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Program at Young Achievers Science and Mathematics Pilot School Focuses on Positive Change and Innovation

Students across Boston are using a game to affect positive change. The pilot program focused on civics education was funded thanks in part to Project Innovation. The NBC Universal campaign is providing nearly $5 million to local non-profits.

At the Young Achievers Science and Mathematics Pilot School in Mattapan, students in 8th-grade history are busy campaigning for an issue of their choice, from putting a stop to bullying to helping homeless animals.

It is the goal of an interactive game called Activate that was developed by the non-profit iCivics. It is based in Cambridge and teaches students across the country about the importance of democracy and becoming a part of the community. It was founded by former Supreme Court Justice Sandra Day O’Connor and uses online resources to reach students. Activate is just one of the many games they offer.

“You need to talk and teach students where they’re at,” Executive Director of iCivics Louise Dube said. “And where they’re at is digital. It’s gaming.”

The pilot program in partnership with Boston Public Schools takes the game a step further. It connects what students are doing online to reality, giving them the opportunity to volunteer with local charities and take on issues they care about.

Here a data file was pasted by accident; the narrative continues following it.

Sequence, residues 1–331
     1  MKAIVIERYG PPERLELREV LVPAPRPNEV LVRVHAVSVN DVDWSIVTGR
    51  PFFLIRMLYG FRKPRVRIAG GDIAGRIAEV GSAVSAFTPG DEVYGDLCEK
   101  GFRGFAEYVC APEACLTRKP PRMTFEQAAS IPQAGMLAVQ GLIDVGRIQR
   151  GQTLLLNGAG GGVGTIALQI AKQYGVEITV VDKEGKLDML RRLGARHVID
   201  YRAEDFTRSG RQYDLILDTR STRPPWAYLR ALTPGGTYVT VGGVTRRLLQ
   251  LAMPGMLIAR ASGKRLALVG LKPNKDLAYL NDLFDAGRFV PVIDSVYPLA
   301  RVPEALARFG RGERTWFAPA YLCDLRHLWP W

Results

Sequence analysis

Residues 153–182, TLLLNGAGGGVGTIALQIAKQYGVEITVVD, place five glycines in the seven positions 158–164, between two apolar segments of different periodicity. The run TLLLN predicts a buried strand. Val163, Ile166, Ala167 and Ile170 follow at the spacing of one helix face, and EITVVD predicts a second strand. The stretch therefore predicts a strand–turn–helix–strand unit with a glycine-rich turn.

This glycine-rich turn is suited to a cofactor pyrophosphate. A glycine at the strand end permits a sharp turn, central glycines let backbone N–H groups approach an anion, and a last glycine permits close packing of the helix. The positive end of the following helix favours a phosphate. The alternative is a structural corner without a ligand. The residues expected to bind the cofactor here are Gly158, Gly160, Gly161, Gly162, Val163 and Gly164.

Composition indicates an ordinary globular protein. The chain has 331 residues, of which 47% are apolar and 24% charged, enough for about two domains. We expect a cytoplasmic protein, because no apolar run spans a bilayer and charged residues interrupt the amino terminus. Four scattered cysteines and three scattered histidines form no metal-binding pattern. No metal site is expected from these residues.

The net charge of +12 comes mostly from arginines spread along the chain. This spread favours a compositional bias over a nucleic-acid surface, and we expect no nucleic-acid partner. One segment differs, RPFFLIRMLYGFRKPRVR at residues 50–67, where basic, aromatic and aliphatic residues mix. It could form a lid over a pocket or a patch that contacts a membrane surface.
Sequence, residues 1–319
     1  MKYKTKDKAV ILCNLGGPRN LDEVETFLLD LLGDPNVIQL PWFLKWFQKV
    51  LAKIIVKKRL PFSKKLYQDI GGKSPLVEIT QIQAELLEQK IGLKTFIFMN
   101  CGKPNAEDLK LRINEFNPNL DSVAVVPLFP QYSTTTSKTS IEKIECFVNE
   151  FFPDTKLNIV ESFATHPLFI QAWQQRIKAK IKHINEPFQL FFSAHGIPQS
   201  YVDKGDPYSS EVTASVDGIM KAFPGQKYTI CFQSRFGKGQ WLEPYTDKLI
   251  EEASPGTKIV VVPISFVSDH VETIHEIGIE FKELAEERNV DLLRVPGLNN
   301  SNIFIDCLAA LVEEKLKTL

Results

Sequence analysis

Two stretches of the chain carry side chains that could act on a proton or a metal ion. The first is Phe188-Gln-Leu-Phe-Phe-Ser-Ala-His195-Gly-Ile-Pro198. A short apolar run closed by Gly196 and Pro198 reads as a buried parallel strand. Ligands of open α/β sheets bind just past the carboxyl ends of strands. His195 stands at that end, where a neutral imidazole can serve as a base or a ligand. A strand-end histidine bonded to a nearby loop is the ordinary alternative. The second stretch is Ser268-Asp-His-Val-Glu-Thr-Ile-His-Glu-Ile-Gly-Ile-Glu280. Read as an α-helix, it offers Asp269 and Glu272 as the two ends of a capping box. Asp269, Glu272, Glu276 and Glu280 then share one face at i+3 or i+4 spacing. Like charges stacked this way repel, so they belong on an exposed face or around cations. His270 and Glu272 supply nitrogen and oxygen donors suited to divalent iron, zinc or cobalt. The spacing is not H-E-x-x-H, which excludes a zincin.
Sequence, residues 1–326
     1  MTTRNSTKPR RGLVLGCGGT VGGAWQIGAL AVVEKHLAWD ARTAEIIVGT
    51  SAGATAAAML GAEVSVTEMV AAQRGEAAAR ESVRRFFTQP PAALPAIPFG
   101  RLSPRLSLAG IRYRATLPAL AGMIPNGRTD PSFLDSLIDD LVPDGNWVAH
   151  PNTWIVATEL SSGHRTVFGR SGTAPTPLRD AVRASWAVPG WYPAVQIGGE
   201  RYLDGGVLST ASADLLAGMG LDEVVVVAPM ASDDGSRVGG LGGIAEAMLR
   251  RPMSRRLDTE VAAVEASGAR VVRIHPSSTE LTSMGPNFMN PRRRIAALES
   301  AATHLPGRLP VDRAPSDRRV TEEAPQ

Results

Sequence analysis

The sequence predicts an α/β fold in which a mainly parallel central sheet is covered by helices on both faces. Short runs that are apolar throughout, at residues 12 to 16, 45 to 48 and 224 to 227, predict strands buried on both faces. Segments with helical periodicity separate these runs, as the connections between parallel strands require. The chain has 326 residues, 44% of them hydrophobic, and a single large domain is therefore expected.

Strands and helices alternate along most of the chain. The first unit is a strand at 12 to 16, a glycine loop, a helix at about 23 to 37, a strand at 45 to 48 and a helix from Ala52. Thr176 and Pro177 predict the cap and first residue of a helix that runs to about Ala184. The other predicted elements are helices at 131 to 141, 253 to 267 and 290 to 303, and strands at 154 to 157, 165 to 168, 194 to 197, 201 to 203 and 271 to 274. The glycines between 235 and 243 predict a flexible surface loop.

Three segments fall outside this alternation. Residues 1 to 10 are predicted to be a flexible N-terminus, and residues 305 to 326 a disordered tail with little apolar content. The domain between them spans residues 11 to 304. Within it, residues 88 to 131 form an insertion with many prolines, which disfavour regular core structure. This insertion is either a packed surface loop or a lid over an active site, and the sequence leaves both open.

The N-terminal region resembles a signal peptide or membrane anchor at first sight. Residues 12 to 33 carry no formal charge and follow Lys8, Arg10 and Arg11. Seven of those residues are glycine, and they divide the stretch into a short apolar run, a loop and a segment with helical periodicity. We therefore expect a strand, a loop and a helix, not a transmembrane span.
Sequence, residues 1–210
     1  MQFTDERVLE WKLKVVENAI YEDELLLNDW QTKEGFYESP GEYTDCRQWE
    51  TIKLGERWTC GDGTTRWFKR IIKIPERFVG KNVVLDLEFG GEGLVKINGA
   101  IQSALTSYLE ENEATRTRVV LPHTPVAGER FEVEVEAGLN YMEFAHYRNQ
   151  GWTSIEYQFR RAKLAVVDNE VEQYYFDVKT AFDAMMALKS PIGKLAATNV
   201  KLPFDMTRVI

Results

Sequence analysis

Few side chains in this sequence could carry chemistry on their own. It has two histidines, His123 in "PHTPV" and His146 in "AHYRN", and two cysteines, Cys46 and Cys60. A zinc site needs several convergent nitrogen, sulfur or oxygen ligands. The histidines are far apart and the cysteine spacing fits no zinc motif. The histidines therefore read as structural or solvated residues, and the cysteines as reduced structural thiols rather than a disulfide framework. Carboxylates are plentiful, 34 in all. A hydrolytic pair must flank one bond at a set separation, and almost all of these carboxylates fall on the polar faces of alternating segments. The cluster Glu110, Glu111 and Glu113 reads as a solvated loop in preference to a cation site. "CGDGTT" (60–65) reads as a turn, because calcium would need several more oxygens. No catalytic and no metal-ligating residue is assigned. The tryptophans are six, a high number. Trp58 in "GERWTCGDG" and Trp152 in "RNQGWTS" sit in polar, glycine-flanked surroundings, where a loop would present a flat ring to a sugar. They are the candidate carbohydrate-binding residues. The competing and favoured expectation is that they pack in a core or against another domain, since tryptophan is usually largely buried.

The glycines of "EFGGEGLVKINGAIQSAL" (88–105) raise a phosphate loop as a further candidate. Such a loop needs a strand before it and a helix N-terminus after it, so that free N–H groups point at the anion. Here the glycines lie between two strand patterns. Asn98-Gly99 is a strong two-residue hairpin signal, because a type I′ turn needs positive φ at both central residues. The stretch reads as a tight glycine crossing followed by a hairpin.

“We are empowering our students so they have a voice,” Director of History and Social Studies for Boston Public Schools Natacha Scott said. “We want them to understand they can make a change and you don’t have to wait until you’re an adult to do that.”

History teacher Tracy Self said she has had great success with iCivics and the lessons go a long way in her classroom.

“I think it really makes it stick. It’s just a way that is reinforcing when they can say, ‘Oh, I learned that in the game,” Self said.

The pilot program is in 40 classrooms and counting in Boston and they hope to expand to more. While it may seem like just a game, they say teaching the students how to be active members of society long after they leave the classroom will mean they have really won.

“Just by doing a little game, you can make a big change,” student Diego Hardy said. “Because we can do it in real life.”

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